“We’re looking to go into the community, use the exhibition as this kind of mechanism to create conversations, to create networks, to introduce people from outside the community to people inside the community,” said Michael Behle, founder of Paul Artspace founder.

An art piece by Kelley Walker uses a floor-to-ceiling cover of a female rapper from men's magazine. It is smeared in tooth paste.
Jenny Simeone | St. Louis Public Radio

Updated Sept. 23 with statement from Kelley Walker — The Contemporary Art Museum’s display of a controversial exhibit by artist Kelley Walker — and how the administration handled public objection — has shadowed the museum in tension. The exhibit uses the images of black people in ways some St. Louisans consider disrespectful and offensive.

Three members of the museum’s administrative staff who are black have called for the museum to remove Walker’s “Direct Drive” exhibition. In the letter to the museum's senior directors published Thursday on Facebook, De Andrea Nichols, Lyndon Barrois Jr. and Victoria Donaldson also said chief curator Jeffrey Uslip should resign and issue a formal apology.

'Miriam Makeba: Mama Africa the Musical' dancers and singers held a pop up performance at UMSL's Millennium Student Center Monday.
Provided by UMSL campus photographer August Jennewein

When Niyi Coker considers Africa’s contributions to modern music, he can’t help but think of Miriam Makeba, the acclaimed South African singer and activist who introduced international audiences to the continent’s sounds.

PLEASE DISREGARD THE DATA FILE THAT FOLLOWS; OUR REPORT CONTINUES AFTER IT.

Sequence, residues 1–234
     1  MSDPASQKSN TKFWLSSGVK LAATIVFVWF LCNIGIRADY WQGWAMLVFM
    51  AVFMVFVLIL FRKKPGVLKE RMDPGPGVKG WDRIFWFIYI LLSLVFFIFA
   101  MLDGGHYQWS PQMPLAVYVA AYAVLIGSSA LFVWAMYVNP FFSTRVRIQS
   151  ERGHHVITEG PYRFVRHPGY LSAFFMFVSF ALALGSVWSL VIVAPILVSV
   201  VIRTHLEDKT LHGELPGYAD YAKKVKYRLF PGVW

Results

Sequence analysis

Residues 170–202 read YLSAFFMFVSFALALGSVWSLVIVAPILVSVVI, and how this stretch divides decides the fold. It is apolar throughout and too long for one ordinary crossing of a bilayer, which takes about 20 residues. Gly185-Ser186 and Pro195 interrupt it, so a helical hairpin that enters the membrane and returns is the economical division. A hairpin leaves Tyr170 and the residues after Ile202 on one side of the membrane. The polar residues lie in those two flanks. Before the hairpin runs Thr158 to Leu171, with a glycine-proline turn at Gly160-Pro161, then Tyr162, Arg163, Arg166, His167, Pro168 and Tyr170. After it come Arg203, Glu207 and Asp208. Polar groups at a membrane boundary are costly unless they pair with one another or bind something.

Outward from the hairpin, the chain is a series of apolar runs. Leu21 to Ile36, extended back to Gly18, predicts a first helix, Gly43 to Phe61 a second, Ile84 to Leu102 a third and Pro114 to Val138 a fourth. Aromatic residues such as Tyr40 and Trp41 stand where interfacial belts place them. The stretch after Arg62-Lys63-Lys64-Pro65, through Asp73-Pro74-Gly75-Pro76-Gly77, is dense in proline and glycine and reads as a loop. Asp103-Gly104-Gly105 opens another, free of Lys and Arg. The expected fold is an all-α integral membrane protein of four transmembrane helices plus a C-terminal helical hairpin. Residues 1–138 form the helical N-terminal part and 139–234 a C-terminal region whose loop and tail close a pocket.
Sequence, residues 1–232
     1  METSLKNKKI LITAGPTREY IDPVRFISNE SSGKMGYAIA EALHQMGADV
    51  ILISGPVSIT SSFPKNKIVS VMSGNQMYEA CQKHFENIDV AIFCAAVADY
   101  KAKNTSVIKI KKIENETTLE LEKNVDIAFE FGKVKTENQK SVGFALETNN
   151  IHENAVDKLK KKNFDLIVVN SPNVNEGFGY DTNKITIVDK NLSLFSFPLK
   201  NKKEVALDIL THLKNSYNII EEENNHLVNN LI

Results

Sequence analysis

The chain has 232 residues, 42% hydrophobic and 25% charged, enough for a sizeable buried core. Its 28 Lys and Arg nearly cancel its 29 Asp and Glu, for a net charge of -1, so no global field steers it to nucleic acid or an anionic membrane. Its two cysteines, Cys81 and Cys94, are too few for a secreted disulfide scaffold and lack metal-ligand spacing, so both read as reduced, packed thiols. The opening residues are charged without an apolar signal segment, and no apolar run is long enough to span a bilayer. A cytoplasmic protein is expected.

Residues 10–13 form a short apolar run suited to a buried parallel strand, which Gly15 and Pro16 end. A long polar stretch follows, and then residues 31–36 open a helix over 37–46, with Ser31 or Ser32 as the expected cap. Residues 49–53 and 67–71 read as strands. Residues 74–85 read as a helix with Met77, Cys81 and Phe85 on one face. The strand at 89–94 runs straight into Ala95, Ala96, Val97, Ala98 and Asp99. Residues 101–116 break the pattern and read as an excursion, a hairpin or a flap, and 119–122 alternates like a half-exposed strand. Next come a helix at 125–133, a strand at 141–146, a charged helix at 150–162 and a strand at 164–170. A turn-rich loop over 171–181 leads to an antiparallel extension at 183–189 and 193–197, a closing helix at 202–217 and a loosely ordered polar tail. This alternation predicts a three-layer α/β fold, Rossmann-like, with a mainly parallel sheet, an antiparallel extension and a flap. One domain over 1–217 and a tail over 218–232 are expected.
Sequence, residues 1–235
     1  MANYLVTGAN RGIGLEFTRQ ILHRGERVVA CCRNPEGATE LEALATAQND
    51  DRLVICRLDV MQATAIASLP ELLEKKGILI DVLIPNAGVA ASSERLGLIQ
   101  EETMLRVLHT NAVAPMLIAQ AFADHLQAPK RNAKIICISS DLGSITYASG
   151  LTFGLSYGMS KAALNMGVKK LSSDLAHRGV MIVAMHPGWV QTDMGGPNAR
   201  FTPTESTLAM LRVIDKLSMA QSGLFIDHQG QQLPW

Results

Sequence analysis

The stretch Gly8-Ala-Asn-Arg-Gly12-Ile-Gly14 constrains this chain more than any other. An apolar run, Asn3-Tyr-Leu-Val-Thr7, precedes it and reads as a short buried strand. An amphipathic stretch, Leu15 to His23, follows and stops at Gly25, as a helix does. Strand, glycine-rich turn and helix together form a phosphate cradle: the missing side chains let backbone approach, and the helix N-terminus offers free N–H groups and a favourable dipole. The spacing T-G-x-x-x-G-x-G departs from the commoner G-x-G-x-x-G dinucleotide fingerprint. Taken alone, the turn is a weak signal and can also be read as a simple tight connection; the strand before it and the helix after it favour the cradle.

It’s impossible to separate Makeba’s art from her activism, said Coker, a professor of African-American studies at the University of Missouri-St. Louis. In a life that was heroic and tragic, the singer suffered three decades of forced exile from her homeland for challenging its racist policies and injustice.

When Makeba died in 2008, she left an incredible legacy, said Coker, a native Nigerian who wrote “Miriam Makeba: Mama Africa the Musical.” Its first performance in the United States takes place Thursday at the Touhill Performing Arts Center.

Jess Luther | St. Louis Public Radio

Driven by proven talents and entertainers, LouFest aims to capture college students and older folks, too. It succeeds with a schedule that rolls out like tickertape, allowing attendees to easily flow from one concert to the next with no downtime in between. Hang around long enough and you’re bound to find music you like — and have a good time. 

Earlier this year, iLLPHONiCS released a new album titled "Gone With the Trends."
Provided by iLLPHONICS

Updated Sept. 7 with additional information about producing entities. Updated Sept. 9 with audio from St. Louis on the Air.

The seventh annual LouFest will bring hip-hop, rock, and jazz acts to Forest Park this weekend.

LouFest has grown steadily since its debut in 2010 and the last three years have seen a marked increase in attendance.


Provided by Washington University

Many in the United States likely view Iran as a closed society, one that has limited contact with the western world. But many in Iran would like to see more cultural exchanges.

Among them is Grammy-nominated Iranian musician Hossein Alizadeh, who performs Sunday at Washington University. An avant-garde musician, Alizadeh is known improvising on the radif, a  traditional Persian musical instrument. He has toured the world extensively and taught music in Europe and the Middle East.